Student-Entrepreneur Gets Start on Career With Boob-eez

Posted by Carlie Christenson on

When she was just 9 years old, Carlie Christenson was already an early bloomer.
By the time she was in middle school, she’d developed a whole lot more than most kids her age: a marketable product, a profitable company, a name in the fashion industry, a budding business career and a whole lot of entrepreneurial acumen. She’d developed Boob-eez.

Carlie Christenson founded Boob-eez at age of 9.

“Boob-eez made me who I am – it’s changed my entire life’s course,” says Christenson, who first came up with the concept for “headlight concealers” as a 9-year-old girl growing up in Florida. “Puberty is absolutely mortifying – and that’s without having the embarrassment of this problem. I really wanted to make something that would make that time of life just a little bit easier.”

She says she told her mom one day after school, “This is a problem, and we’ve got to figure out a way to fix this problem for me and fix this problem for other girls – because I know I’m not the only one.”

And, with that, she found a solution: stick-on silicone discs with “disappearing edges” that could serve as a barrier between nipples and clothing.

“I knew exactly what I wanted because it’s what I needed,” she says. “I wouldn’t let it go. I had an idea, and I had the persistence to stay on it.”

She also had a mother who owned clothing boutiques and was working in banking at the time and a father who owned a surf manufacturing business.

“This is a boutique product – I like to compare it to Spanx. There’s that brand recognition, and there’s a little wink there, too,” Christenson says. “It’s fun. It’s an icebreaker. Boob-eez brings a little humor to what could be an embarrassing subject.”

“My mom is very money savvy, so she got the business side of it rolling for me, and we sent a design I drew to some of my dad’s manufacturing contacts,” she says. “After a year or so of going back and forth until we had exactly what I’d envisioned, Boob-eez was born. It was my invention, but it’s really a team effort — a family affair.”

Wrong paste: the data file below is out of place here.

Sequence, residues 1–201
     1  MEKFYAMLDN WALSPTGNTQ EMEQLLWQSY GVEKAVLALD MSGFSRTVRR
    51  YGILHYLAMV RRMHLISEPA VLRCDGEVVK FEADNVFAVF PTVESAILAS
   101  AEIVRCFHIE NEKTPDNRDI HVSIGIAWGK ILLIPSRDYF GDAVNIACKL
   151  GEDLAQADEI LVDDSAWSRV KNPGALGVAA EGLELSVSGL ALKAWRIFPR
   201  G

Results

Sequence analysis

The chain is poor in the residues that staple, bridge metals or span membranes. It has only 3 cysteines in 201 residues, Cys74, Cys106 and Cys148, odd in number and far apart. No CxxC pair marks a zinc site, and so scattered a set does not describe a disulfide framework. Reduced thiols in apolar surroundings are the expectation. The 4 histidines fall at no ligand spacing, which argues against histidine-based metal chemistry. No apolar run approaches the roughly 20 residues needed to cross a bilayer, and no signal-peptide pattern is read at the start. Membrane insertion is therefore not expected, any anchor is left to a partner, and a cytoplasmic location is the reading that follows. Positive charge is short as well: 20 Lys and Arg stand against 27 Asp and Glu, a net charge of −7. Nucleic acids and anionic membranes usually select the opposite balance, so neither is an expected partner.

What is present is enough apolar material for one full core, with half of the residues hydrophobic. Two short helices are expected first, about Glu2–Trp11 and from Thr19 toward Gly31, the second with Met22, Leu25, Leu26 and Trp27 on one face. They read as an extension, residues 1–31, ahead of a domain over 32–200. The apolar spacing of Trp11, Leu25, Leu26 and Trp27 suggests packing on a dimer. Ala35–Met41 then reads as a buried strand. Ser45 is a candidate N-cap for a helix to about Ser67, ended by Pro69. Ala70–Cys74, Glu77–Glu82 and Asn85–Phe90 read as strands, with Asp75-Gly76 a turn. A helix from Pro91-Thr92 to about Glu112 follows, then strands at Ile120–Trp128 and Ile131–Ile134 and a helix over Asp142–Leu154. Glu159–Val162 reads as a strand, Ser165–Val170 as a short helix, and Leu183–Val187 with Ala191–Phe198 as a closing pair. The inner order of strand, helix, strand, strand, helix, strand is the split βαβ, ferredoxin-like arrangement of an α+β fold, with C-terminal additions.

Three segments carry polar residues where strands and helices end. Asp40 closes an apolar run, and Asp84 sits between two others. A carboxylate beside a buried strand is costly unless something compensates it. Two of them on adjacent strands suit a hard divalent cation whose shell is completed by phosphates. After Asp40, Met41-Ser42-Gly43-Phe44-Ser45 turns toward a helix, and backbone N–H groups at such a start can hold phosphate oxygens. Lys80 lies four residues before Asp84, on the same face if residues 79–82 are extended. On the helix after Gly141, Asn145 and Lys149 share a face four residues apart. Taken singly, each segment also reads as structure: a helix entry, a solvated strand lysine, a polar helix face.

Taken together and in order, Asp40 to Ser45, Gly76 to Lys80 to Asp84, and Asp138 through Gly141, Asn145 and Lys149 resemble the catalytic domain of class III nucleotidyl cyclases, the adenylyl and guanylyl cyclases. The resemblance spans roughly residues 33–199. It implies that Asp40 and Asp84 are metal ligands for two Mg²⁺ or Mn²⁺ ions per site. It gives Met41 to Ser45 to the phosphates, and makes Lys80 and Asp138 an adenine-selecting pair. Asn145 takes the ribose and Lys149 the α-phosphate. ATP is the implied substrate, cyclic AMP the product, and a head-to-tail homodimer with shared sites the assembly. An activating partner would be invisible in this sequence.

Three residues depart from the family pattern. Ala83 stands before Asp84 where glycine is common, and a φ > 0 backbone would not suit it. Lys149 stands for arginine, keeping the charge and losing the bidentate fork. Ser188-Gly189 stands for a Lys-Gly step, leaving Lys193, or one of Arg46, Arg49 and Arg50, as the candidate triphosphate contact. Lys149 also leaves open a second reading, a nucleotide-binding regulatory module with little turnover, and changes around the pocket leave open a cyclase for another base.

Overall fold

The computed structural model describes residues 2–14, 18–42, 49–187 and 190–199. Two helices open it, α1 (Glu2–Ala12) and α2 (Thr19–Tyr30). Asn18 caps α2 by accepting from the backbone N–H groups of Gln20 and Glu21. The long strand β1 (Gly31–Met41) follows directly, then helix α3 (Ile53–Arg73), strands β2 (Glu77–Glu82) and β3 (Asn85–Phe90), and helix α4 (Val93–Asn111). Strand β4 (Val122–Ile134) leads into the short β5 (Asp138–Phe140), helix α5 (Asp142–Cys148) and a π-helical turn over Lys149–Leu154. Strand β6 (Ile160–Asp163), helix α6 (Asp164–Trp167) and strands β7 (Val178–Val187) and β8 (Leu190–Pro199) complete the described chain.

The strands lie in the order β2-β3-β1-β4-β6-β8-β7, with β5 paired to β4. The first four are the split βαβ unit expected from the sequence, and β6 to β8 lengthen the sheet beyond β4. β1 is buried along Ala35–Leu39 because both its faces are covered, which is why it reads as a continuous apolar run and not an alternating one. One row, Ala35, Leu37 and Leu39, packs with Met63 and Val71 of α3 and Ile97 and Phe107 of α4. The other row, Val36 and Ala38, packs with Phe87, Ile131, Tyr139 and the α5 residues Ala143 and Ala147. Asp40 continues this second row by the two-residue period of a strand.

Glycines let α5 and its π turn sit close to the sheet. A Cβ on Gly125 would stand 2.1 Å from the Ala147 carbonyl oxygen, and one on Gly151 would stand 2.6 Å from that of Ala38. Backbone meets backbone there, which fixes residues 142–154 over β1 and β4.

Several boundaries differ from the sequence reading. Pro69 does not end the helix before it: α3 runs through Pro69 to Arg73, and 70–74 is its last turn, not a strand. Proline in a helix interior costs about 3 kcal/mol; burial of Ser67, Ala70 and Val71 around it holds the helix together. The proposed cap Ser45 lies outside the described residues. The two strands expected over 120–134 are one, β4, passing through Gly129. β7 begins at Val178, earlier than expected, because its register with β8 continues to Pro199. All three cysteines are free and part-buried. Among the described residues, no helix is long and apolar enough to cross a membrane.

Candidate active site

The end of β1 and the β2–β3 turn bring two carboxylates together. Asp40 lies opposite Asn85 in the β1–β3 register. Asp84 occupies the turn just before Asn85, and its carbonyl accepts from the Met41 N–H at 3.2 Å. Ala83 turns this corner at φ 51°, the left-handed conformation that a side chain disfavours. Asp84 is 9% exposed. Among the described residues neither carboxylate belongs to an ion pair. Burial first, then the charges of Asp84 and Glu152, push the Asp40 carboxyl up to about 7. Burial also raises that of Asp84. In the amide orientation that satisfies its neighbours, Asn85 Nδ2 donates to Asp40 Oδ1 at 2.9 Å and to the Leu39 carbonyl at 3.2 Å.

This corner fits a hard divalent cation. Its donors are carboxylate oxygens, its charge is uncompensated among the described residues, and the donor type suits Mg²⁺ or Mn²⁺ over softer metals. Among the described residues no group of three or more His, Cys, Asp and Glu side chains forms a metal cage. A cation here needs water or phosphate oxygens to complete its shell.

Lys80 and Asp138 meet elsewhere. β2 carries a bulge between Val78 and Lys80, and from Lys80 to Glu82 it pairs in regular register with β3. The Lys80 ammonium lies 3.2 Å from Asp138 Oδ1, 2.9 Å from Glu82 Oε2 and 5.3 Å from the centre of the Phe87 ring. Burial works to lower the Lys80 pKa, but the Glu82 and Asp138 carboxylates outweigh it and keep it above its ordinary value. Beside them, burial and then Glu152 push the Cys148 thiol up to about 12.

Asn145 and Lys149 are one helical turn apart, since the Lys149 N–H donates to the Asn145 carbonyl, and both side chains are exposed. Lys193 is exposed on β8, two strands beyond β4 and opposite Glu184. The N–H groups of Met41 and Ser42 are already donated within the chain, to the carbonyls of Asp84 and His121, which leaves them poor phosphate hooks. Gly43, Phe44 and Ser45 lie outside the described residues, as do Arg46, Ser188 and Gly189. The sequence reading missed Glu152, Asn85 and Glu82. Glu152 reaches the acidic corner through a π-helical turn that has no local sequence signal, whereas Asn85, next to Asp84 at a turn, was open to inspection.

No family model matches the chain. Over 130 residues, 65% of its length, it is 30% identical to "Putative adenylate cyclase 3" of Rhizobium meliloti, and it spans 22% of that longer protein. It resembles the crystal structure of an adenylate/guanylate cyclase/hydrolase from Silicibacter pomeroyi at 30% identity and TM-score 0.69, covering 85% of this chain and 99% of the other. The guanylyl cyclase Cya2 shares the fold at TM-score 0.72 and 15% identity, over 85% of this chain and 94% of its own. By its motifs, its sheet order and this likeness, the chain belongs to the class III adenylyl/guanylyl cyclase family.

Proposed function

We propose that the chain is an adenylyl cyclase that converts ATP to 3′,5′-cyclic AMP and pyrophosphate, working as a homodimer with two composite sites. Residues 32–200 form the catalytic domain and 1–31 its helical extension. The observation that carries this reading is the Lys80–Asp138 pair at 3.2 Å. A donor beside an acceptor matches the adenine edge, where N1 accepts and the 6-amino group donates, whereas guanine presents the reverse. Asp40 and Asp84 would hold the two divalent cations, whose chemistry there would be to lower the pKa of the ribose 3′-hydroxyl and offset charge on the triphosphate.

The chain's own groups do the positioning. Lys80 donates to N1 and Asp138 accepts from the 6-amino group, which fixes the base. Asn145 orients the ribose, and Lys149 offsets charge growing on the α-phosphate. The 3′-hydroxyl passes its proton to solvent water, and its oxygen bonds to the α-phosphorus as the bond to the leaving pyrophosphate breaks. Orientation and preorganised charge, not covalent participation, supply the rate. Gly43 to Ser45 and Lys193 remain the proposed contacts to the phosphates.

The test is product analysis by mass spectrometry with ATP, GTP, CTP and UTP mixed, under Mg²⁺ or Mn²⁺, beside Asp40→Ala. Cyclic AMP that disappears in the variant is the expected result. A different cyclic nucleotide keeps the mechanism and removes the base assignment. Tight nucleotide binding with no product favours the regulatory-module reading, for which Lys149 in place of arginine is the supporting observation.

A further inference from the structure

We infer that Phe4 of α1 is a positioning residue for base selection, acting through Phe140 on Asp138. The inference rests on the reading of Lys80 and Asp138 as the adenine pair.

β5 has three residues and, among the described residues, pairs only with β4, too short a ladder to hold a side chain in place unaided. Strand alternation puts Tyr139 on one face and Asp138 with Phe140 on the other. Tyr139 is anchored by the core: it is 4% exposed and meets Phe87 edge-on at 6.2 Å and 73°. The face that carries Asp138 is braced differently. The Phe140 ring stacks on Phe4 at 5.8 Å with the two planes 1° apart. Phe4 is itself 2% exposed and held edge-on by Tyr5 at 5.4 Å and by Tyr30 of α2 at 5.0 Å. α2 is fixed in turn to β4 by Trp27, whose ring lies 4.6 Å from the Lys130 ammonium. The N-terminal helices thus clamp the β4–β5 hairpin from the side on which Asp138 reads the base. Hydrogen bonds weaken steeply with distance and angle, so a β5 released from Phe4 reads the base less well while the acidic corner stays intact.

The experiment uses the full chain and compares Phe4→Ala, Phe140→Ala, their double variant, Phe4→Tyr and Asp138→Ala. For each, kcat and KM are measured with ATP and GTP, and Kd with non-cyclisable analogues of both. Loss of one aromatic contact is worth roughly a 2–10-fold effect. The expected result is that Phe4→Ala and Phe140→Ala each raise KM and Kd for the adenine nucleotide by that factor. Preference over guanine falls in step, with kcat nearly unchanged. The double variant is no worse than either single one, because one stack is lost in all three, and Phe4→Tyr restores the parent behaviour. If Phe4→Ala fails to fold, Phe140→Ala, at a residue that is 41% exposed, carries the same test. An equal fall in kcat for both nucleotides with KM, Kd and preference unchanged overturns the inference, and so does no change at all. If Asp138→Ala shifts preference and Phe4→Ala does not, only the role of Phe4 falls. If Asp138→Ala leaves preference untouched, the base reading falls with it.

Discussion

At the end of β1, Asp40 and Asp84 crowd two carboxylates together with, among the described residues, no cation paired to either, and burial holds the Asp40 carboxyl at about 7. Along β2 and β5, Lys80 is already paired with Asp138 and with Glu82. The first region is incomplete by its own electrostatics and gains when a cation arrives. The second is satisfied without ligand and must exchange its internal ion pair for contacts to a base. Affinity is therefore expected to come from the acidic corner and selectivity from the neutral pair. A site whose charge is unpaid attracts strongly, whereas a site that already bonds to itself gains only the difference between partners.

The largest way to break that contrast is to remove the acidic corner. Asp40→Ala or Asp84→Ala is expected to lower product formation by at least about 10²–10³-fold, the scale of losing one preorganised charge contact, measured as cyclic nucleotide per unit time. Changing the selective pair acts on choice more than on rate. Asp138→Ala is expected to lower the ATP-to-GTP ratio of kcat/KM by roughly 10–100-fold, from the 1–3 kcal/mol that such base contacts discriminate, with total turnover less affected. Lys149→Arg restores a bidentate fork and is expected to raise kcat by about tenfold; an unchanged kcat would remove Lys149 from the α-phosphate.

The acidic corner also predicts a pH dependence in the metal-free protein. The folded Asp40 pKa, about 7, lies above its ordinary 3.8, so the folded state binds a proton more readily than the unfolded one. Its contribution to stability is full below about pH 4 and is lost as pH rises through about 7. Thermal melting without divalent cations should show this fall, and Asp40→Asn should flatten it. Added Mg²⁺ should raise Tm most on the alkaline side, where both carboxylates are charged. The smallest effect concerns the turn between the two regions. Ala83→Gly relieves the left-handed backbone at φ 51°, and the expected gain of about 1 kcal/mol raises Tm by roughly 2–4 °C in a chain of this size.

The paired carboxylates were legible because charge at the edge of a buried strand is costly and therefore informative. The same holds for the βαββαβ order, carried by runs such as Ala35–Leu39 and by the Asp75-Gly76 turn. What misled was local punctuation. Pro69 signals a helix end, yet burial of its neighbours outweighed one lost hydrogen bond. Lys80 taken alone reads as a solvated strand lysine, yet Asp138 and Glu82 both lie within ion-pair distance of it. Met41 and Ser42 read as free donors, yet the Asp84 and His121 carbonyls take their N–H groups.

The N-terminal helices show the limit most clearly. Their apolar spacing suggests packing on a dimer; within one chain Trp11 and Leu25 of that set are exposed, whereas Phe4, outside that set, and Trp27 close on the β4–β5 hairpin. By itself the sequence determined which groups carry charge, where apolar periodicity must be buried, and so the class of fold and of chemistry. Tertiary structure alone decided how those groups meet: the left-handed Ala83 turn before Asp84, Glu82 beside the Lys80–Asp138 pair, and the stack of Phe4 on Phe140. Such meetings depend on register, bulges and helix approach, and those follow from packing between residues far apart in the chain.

She adds, “When a shipment comes in, it’s all hands on deck. The whole family takes over a floor in my dad’s warehouse, and we just go to town.”



Since its launch in 2008, Boob-eez has taken off — making its way to hundreds of boutiques all over the country.

Christenson credits Boob-eez for helping her discover the College of Charleston.

“I originally intended my product for girls going through puberty, and I wanted to stick to that audience,” she says. “But, even though that demographic really did get excited about it, moms had a hard time swallowing the concept: They didn’t want to believe their little girls were growing up.”

She added, “It turned out women wanted them for themselves. So the target market switched gears a little bit, although I never lost sight of the original purpose, and I still have little fans back home.”

She’s got some fans in Hollywood, too. Among the celebrities who’ve been known to wear Boob-eez: Ryan Newman (Hannah Montana), Eva Longoria (Desperate Housewives), model and Dancing With the Stars contestant Brooke Burke, Vanessa Williams (Soul Food), Whitney Thompson (America’s Next Top Model) and country music icon Dolly Parton.

“Who knows who else: It’s not one of those things people announce they’re wearing when they’re on the red carpet,” laughs Christenson, adding that she never marketed her product to the stars. “It was pretty cool to be going into sixth grade and find out that someone from TV was wearing my invention.”

By the time Christenson was an upperclassman in high school, she was also the CEO of a pretty successful enterprise. She’d seen a problem, developed a solution, launched a successful business and forged a career path for herself. And, while she never imagined that path would lead her to Charleston, she counts that move as among the most pivotal developments along the way.

“Luna on King Street was the first store in South Carolina to carry Boob-eez, so I decided to pay a visit to the boutique to thank them in person. That’s when I stumbled on this gem,” Christenson says. “Coming to the College of Charleston has been the best thing that’s come of all of this. I wouldn’t be here if not for Boob-eez — and I wouldn’t have had all these amazing opportunities.”